An unidentified 28 year old man suffered a shoulder dislocation while on a commercial rafting trip on the Hudson River Gorge on June 1. Due to recent rains, the river was running at close to 6 feet. The weather was partly sunny with temperature in the fifties. Everything was going fine on the Indian River. I was kayaking alongside 2 other kayakers and a safety boater (“kayak escort”), with a half dozen rafts.
When we got to the Hudson River, I stayed with the group until they stopped at “Jump Rock”. Raft customers routinely clamber onto this rock and jump off into the flatwater. At this water level, it is about an 8 foot jump into deep water. Thousands of raft customers routinely do this during a season without incident. At this point, I headed downstream to join fellow kayakers Bruce Lomnitzer and Jason Smith, two New York State D.E.C. Forest Rangers. I was having a great time, paddling down moderately challenging rapids on a beautiful day.
At the bottom of Giveny’s Rift Rapid, I looked back upstream to see a solo kayaker paddling down the rapid. He turned out to be the safety boater for the rafting company. He had been chasing us for miles. He reported that a rafting customer had suffered a shoulder dislocation at Jump Rock and needed our help. The customer had apparently jumped feet first and had entered the water with his hands over his head. The victim stated that his arm dislocated in mid-air. T
he guides did try to reset the shoulder but the victim kept screaming in pain. He had been given 800 mg ibuprofen. Jason, Bruce, and I are WFR certified, are ACA swiftwater rescue and whitewater kayak instructors, and are experienced in rescue. I have also been an EMT for 30 years, am a Wilderness First Aid Instructor, and have successfully reduced 2 shoulder dislocations on rivers. By the time the raft arrived, the shoulder had been out for about 90 minutes. The man was in significant pain. I obtained consent to try to reduce the dislocation and examined the shoulder. It was a classic anterior dislocation, with the added complication of muscle spasm, significant swelling, and compromised circulation to the hand. Working as a team, we were able to massage the shoulder, apply traction, and slowly externally rotate the arm.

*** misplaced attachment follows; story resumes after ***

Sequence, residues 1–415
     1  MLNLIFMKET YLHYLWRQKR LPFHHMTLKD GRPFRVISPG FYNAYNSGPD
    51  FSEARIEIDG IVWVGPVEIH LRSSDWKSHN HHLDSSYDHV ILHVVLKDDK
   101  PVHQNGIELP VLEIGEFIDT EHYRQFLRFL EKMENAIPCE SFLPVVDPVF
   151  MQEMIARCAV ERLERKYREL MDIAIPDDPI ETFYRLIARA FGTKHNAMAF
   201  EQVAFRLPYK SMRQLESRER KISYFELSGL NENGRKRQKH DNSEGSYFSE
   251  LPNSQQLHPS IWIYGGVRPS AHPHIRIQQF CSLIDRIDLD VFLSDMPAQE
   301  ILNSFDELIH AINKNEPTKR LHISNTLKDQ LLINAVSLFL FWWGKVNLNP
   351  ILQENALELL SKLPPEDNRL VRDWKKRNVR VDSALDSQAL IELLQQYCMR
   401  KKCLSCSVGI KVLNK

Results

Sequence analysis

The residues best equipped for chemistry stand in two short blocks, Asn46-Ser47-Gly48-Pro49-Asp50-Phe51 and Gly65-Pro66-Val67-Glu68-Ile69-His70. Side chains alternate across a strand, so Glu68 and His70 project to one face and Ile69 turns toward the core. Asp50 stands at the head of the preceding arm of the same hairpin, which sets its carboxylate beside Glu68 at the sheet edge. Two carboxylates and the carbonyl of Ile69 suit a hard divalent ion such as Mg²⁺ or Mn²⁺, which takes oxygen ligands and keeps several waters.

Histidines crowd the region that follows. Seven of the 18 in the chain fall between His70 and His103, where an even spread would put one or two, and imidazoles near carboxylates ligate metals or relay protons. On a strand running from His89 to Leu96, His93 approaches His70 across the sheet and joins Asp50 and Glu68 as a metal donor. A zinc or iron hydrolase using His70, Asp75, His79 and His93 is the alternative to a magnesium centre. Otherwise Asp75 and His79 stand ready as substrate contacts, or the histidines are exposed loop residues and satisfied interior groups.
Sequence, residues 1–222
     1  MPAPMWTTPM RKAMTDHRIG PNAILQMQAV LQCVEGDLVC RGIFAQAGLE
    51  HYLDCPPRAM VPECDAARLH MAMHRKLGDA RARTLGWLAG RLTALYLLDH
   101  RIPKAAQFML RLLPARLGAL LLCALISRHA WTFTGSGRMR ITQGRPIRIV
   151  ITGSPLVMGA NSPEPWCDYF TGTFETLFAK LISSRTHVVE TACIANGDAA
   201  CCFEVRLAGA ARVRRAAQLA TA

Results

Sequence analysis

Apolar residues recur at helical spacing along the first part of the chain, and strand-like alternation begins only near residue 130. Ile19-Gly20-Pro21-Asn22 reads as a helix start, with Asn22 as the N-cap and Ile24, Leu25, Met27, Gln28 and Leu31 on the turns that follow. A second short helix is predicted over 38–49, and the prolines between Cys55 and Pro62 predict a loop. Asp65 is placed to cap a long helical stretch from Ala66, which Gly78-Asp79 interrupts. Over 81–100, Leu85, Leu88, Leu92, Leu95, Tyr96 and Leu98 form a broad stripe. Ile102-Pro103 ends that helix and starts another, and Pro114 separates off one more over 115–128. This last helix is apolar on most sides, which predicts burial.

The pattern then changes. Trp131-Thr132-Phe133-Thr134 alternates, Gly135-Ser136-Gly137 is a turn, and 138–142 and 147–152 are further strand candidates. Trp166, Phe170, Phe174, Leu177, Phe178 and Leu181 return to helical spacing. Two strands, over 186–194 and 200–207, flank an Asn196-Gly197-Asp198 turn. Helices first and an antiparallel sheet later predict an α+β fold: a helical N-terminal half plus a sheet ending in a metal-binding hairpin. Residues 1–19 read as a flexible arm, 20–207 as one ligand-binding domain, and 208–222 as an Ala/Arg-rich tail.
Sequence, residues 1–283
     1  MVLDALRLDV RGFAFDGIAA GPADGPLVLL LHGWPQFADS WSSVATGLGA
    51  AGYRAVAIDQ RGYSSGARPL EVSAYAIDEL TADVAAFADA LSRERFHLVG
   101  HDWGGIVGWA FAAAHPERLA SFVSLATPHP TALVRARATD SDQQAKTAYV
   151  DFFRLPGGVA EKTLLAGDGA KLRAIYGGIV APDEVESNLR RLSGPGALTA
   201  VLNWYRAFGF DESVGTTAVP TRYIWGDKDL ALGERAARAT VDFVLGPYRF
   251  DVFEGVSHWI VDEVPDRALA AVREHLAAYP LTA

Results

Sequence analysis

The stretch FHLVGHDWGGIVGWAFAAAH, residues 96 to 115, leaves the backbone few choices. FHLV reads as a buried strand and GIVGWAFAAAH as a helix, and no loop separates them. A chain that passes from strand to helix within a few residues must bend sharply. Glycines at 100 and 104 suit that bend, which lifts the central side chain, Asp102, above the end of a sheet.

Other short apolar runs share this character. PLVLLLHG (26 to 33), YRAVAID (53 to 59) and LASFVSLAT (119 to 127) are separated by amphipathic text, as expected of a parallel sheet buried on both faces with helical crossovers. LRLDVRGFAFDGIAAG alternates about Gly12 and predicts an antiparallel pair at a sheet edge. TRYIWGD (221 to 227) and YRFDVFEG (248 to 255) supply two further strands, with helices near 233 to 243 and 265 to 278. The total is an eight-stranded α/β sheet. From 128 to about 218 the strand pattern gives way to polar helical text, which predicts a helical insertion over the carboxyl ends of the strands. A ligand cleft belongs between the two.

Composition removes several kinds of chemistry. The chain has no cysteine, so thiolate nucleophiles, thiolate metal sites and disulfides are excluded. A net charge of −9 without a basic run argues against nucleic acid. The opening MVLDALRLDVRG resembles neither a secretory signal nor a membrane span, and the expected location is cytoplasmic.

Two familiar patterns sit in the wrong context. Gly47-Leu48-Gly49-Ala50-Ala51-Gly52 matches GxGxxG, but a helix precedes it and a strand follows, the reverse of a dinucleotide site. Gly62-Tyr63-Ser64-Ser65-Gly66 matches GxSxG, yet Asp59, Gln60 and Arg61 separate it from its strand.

After about 15 minutes the shoulder was back in place. Blood flow returned to the hand and the patient was much happier. We secured the arm with a sling and swathe, warmed him, and sent him on his way, with instructions to not use his arm until he got to the hospital. The rangers were able to establish radio contact with D.E.C. dispatch, who arranged for an ambulance to pick up the rafter at the Barton Mines plant. D.E.C. Ranger Art Perryman made sure that the ambulance was waiting there. Everyone worked well together to help this injured paddler. His outcome would have been much worse if we had not reduced the dislocation and improved the blood flow. I urge all paddlers to become trained in prevention and treatment of shoulder dislocations. Shit happens – be ready to deal with it.
Submitted by Rick Morse